Nelson musician Jenny Robinson can’t imagine a better setting to launch her new album Lost Years from than this weekend’s Kaslo Jazz Etc. Festival. She considers it a unique privilege to share her songs from the floating stage on Kootenay Lake.
“I’ve been working on these songs for a really long time, so having a chance to share them at this beautiful festival, in this beautiful location, it’s really exciting for me,” Robinson told the Star. Her songs are a retrospective of her last 15 years, and address such far-flung topics as suicide, substance abuse and war.
And she’s got plenty of material to share with the audience when she takes the stage at 2 p.m. on Sunday.
“These were the nine songs, a lot of them deal with heavy issues. It’s like a therapy work for me, so they tell the story of many of the people I’ve worked with over the course of my life, as well as people I’ve lost.”
Robinson, who is the executive director of Nelson CARES, aims to share feelings about the current state of the world through music, which she calls “a change agent.” One song, “Kids Are Afraid of Airplanes,” came to her while she was watching the sky.
“I was watching planes fly by overhead and I realized for children in war zones it’s a totally different experience. We have choices to make and from my perspective war shouldn’t be one of them.”
She aims to draw attention to those who the media ignores.
“After decades of war there have been hundreds of thousands of people killed in Iraq, and we don’t hear about it in our press. We hear about the casualties we incur, but we don’t hear about the casualties on the ground and how many of those must be regular civilians and children.”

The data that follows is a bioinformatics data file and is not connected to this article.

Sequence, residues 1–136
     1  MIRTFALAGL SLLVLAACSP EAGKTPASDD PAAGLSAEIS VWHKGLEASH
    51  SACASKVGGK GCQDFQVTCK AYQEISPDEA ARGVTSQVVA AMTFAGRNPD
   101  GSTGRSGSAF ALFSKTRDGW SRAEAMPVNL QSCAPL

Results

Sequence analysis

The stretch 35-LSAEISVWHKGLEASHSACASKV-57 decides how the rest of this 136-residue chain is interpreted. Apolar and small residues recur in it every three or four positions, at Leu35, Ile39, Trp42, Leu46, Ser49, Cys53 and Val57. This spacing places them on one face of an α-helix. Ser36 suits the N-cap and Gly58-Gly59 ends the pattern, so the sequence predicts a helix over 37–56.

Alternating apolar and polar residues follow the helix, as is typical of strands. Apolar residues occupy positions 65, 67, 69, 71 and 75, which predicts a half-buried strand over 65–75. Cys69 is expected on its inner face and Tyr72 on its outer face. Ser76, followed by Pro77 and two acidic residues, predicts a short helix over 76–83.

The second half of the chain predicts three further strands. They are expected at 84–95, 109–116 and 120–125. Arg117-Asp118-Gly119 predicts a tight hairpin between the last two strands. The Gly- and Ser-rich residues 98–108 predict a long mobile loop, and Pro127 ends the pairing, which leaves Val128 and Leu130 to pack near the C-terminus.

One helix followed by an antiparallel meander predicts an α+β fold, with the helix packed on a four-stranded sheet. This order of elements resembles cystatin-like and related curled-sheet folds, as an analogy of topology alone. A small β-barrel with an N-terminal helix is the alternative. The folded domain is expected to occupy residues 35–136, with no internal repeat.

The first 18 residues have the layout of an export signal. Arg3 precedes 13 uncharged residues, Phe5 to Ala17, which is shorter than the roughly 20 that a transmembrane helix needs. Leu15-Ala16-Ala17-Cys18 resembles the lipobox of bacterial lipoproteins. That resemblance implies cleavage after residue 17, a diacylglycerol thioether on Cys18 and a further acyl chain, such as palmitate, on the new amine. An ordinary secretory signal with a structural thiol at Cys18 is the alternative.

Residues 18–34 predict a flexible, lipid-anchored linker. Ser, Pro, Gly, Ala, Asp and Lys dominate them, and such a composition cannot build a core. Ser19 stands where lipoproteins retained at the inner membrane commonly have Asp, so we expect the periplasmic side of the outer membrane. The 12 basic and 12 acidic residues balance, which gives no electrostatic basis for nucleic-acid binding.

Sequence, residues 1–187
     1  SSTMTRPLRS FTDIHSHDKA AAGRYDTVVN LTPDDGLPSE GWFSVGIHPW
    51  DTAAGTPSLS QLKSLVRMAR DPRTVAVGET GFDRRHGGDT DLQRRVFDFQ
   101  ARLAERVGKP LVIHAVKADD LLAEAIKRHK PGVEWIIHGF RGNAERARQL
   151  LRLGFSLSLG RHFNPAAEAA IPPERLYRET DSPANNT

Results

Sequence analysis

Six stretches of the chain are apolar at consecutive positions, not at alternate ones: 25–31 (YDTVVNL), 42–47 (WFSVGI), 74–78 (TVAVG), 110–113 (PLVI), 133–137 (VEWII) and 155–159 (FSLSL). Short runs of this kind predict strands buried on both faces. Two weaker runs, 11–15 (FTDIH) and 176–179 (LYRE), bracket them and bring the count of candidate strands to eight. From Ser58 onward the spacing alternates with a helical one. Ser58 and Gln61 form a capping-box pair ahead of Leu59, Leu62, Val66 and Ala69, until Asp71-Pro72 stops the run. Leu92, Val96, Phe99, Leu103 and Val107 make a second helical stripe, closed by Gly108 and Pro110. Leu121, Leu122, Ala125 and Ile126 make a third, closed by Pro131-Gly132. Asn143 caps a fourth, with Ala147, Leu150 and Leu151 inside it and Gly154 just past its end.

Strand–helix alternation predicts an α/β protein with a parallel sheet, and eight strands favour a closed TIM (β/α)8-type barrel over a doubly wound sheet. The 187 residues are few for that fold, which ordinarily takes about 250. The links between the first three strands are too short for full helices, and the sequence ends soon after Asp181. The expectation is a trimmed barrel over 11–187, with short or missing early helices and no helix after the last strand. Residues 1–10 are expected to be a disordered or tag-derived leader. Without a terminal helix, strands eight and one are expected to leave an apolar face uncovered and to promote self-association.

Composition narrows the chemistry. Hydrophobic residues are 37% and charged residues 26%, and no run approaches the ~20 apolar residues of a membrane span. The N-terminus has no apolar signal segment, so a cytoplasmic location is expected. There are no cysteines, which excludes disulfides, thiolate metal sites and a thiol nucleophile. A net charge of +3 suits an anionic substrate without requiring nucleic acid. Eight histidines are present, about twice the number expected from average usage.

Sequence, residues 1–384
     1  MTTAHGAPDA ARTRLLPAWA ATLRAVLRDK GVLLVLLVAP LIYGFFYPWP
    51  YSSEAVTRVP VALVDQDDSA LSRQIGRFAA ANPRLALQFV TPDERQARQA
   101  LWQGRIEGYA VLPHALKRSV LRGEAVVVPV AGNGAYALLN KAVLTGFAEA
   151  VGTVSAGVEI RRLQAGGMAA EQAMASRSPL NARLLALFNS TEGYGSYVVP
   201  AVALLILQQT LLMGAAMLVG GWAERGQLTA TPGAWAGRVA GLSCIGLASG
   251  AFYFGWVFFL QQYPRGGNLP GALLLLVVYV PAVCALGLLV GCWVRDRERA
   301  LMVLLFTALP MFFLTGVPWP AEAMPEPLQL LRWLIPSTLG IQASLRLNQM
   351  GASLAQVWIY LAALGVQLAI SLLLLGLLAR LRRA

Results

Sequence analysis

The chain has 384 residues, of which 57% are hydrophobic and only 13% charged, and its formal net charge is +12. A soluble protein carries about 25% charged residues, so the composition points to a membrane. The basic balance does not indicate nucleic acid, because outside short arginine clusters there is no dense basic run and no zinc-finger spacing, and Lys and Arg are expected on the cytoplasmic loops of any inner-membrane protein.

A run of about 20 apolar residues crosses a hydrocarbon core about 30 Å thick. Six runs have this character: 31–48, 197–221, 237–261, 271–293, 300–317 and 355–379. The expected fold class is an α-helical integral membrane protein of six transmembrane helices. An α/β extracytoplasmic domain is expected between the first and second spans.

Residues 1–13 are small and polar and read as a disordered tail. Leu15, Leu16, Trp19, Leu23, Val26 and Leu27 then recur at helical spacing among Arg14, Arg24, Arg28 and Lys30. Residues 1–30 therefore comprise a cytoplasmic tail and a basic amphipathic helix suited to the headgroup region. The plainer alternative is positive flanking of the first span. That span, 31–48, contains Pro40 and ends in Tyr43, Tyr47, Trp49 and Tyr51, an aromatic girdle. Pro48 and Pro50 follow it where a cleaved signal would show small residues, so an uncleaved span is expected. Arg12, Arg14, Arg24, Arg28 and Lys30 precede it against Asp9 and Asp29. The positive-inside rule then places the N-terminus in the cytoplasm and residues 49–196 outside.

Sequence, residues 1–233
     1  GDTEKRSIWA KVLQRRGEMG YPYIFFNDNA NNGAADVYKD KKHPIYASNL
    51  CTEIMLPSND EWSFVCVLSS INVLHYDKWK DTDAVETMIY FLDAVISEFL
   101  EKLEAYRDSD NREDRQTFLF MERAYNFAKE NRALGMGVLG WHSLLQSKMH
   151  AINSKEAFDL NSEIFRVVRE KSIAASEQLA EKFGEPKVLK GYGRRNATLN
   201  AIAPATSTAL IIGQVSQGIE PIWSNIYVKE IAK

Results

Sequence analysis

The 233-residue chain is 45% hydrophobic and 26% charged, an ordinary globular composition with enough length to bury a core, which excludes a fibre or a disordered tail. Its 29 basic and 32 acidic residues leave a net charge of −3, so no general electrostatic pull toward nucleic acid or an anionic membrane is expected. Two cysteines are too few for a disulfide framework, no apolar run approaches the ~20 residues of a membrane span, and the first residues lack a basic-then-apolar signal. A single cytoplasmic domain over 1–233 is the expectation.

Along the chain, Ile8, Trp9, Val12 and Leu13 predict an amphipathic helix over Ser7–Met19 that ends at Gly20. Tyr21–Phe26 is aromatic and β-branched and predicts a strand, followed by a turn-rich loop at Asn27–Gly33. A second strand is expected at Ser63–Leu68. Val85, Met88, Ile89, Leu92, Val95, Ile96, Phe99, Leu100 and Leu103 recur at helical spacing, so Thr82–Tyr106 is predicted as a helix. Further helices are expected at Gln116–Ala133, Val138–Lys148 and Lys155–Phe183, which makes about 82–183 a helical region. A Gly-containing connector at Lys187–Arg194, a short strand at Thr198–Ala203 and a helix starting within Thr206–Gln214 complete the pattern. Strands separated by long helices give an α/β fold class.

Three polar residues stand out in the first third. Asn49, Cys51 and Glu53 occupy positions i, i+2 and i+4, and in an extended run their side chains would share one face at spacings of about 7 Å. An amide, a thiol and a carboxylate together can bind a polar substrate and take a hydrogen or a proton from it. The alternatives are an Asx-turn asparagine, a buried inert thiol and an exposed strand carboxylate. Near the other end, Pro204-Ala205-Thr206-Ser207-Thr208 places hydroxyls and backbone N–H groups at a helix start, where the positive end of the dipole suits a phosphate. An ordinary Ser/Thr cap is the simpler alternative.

She believes “war motivates war.”
In a more personal piece, the title track of the album “Lost Years” tells the story of a high school friend who committed suicide when they were both in their early 20s.
“His story came back to me when I was 40, in a flash, and I sat down and wrote this song about him. When he passed away there was never a clear understanding around how he died. I remember preparing for his funeral while I was leaving the next day from rural Manitoba to L.A.”
She reflected on their different trajectories.
“This story came to me about my journey and his, how they intersected and we took different paths. Thirty years later and I still think about him. I don’t think we ever get over that, and I think we need to acknowledge we’re fragile and we need each other. We need to reach out even when it’s uncomfortable.”
She read recently that “compassion isn’t about being comfortable, it’s about being in a place of discomfort” — because true empathy involves feeling others’ pain. That’s something she experiences through her work, and something she feels is crucial in developing a supportive social infrastructure.
“We need to reach out to each other,” she said.
Robinson is effusive about the community support her music has received, and said she can’t wait to see familiar Nelson faces when she takes the stage this weekend.
“I’m really grateful to have a community that supports live, original music,” she said. “It’s a really encouraging community. I may not be a born and bred Nelsonite, but I really feel like this is my home.”